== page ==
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Applications are not as important as Philosophy

I have strong convictions about worship philosophy. I also have strong opinions about certain applications of that philosophy.

But these are not the same thing. Neither are they equally important.

Philosophical convictions are judgments based on clear, biblical principles. Notice that I did not say that the convictions themselves are necessarily clear, but they are based upon clear principles.

Applications, however, are methodological opinions with much less clear, objective basis. They are based (hopefully) on wise consideration of the philosophy and how it works in real life. This means that although I think strongly about these particular applications, they are not as important as the philosophy, and I certainly do not insist that all churches should adopt them.

On the local church level it is important that all of the leadership agree philosophically when it comes to worship. It is also fairly important that the leadership come to agreement about how that philosophy will be applied in that ministry. This has been true of both churches in which I’ve served. The pastors under which I’ve served and I have agreed completely on philosophy and, through continual discussion, came to a consensus on how that philosophy would be applied (although the exact applications differ between churches somewhat). It seems clear to me that this must be how it works on a local church level.

Beyond that, however, agreement on particular applications becomes less important dependent upon the situation.

This is why, for example, when I am preaching in churches, I never make direct applications for those churches. I focus primarily on biblical principles and the important philosophy we should draw from these principles. It is not my job to make applications for autonomous churches; that is the job of the leadership of that church. When I’m preaching at a pastors’ conference (or writing on this site!), I sometimes express my opinions about applications, but never in church meetings. This actually frustrates some folks who wish I would come right out and name names, styles, or other specifics.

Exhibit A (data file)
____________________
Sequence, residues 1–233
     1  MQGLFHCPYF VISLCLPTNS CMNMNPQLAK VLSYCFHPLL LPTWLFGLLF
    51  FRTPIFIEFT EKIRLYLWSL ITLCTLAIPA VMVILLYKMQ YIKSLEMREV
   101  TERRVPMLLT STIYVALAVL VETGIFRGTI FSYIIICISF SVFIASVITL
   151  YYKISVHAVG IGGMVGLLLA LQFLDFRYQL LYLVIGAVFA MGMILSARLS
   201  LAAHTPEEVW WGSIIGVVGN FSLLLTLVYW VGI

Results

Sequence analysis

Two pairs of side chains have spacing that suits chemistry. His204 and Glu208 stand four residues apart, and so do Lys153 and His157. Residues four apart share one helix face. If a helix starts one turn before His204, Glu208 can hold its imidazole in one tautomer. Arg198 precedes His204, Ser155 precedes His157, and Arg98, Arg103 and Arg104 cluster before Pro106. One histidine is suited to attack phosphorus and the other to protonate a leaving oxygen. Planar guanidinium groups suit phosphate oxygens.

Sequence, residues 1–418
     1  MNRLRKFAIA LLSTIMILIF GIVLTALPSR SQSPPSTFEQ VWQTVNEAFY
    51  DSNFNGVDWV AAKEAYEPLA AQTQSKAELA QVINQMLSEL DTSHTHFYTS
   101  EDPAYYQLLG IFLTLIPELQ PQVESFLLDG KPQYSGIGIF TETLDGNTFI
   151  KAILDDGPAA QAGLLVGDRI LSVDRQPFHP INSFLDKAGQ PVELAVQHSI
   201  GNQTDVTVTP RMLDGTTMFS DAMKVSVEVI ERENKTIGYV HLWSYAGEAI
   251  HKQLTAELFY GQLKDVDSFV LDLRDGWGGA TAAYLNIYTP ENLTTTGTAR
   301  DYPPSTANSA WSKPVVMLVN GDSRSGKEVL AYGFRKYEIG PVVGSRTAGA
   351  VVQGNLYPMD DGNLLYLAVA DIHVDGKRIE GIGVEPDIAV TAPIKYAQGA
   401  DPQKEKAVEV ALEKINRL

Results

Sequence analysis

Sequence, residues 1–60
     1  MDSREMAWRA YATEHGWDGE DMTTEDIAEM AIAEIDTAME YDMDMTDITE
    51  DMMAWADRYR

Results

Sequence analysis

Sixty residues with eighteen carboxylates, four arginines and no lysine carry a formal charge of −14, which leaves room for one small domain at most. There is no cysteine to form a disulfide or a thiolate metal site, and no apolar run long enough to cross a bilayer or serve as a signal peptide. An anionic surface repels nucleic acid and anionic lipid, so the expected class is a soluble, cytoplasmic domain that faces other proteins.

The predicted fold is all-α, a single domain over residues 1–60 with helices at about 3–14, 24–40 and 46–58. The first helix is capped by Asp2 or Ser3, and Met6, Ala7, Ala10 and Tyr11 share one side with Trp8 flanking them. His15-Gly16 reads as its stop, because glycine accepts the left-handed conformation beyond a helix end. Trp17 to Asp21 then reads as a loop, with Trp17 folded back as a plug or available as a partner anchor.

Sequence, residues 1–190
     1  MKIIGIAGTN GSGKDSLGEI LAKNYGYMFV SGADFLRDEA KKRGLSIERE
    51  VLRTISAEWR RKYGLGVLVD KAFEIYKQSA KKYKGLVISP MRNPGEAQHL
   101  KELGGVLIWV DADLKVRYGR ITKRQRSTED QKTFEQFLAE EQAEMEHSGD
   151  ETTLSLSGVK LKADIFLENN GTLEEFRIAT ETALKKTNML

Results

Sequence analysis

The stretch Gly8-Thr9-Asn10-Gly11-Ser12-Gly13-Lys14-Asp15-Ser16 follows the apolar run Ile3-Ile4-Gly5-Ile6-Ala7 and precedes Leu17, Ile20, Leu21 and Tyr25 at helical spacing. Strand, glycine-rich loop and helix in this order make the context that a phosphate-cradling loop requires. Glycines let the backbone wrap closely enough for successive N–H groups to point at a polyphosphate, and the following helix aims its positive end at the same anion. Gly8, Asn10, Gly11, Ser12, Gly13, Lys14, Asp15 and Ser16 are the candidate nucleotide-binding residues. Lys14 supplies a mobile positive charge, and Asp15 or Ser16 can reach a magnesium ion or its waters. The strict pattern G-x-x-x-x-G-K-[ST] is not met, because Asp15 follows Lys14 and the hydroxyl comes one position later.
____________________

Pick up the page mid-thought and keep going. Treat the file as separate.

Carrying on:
I think that it is important to distinguish between these two categories as we discuss worship and music. Both are important, but my biggest concern is always philosophy rather than particular applications.

I know some pastors with whom I share convictions about both philosophy and general applications. There are other pastors I know with whom I agree philosophically but who make applications of that philosophy that I woudn’t. I can find sufficient ground for most levels of cooperation with men in both of these groups. Differences in particular ways of applying a similar philosophy don’t necessarily affect much.

It is fundamental philosophical differences that will often limit cooperation. Differences in philosophy often result in significant differences in application, and it is usually these differences in application that are most apparent and that appear to be the primary reason for limiting cooperation. Yet in reality, it is the more important philosophical differences that are the real reasons for cooperation limits.

The ministry commitments of Religious Affections Ministries illustrate some of what I consider important philosophical principles.

It is not always easy to keep these categories separate in discussions, but I’d like to urge us all (including me!) to make the effort.

Scott Aniol

About Scott Aniol